That’s a reason I enjoy reading novellas attached to series I’m following—I like to feel like I’m discovering new secrets about the world.


The pleasure of character dimension

You usually don’t have to read a spin-off novella to appreciate the series, or read the series to appreciate the spin-off novella, but they do add interesting dimension. Sort of like when you know somebody and you finally see their apartment or meet their family.

Men of the Otherworld: A Collection of Otherworld Tales (Women of the Otherworld)I definitely had that feeling with Meljean’s “Blushing Bounder” Iron Seas story from Wild & Steamy--I got several characters from interesting new angles. Or, Kelley Armstrong’s novella “Savage” from Men of the Otherworld, told from the point of view of Clay. It was such a gift to me, because Bitten is one of my favorite books, and it filled in Clay’s side so beautifully.


The pleasure of …er…vitality

Okay, bad title, I couldn’t think what to name this one. But, the other day I was thinking that short spin-offs actually alter a series for a reader, and make them more dynamic and living. In other words, less set in stone.

If you read a spin-off first, you get the pleasure of knowing things about characters beforehand—you are ‘in on’ something as you read—not in a spoilery way, but in a fun way. And if you save the novellas until later, until after you are familiar with the world, that’s nice in a different way, because the various little things mean a lot, sort of the way gossip means more when you know the person.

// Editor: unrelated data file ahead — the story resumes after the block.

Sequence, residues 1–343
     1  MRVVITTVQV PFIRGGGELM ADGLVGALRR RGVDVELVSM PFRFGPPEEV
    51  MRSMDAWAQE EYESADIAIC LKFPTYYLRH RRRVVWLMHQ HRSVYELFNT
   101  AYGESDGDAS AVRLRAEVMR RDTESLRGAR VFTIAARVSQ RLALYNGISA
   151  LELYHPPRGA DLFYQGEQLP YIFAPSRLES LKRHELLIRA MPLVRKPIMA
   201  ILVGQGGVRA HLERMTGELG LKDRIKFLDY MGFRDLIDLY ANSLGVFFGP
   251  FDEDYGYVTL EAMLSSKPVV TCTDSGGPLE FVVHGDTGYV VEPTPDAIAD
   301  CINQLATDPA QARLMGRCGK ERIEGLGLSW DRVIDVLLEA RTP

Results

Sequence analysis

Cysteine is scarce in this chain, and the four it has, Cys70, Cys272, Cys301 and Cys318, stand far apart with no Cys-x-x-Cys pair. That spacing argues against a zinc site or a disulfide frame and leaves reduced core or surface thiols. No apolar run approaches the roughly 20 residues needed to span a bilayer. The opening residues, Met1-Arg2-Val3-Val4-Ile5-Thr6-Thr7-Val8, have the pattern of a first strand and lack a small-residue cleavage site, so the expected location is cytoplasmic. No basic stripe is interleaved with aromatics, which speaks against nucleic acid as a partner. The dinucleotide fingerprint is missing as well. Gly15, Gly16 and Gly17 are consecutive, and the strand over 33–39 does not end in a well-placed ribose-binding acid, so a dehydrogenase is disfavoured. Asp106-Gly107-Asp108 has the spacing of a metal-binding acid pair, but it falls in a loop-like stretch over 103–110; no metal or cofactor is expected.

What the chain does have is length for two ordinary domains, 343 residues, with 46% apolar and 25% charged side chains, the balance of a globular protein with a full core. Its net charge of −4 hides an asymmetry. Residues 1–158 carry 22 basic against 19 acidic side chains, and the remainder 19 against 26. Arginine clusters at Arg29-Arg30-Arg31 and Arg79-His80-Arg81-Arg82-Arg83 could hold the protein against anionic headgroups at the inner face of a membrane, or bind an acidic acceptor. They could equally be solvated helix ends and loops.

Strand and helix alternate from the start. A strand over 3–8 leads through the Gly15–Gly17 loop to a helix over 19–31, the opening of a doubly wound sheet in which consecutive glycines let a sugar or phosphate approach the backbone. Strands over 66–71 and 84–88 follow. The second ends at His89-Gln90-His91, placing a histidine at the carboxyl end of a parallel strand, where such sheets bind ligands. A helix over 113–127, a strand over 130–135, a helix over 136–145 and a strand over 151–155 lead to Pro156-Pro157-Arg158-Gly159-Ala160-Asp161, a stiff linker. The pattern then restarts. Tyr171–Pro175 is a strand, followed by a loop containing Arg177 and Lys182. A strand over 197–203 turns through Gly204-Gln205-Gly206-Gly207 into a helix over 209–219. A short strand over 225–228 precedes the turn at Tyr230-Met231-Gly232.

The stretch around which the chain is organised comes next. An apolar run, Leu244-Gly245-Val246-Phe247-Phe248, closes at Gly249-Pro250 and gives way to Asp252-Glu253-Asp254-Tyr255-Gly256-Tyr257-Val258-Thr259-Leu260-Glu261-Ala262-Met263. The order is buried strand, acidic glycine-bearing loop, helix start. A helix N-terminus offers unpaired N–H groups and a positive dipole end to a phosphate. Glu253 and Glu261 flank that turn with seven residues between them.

When I was walking the other day, I was trying to think if I was a reader, if I would prefer to read my novellas before I read my trilogy, or after and I couldn’t decide. Neither way would be better. They would both have their own effects on the series,.


The pleasure of play

Burning Up (Berkley Sensation)Because a novella is more low stakes than a novel or series, and also less complicated in terms of structure and plotting and all that, it can take time to have a little fun. I’m thinking about Virginia Kantra’s strange story in Burning Up, with a heroine who dwells partly in the ocean, or Jill Myles saucy were-fox story from our anthology, which is very very playful, in a way I rarely see in longer work.

So! What do you know, I’m no longer a short story and novella avoider.

So, do you have thoughts on the novella or short story? Something I missed? A reason you avoid or enjoy them? Do tell!


You can find out more about Carolyn and her stories at her website, blog and Goodreads.

Mind Games (The Disillusionists Trilogy: Book 1)  Double Cross (The Disillusionists Trilogy: Book 2)  Wild & Steamy


GIVEAWAY RULES:

Carolyn generously offered to give away a copy of the Wild & Steamy anthology to a commenter!

Wild & Steamy

All you have to do is

1) answer Carolyn's question above in red, and
2) leave me a way to contact you (e-mail, Twitter handle, etc.)

Giveaway is open worldwide and ends on 16 September 2011.

Good luck!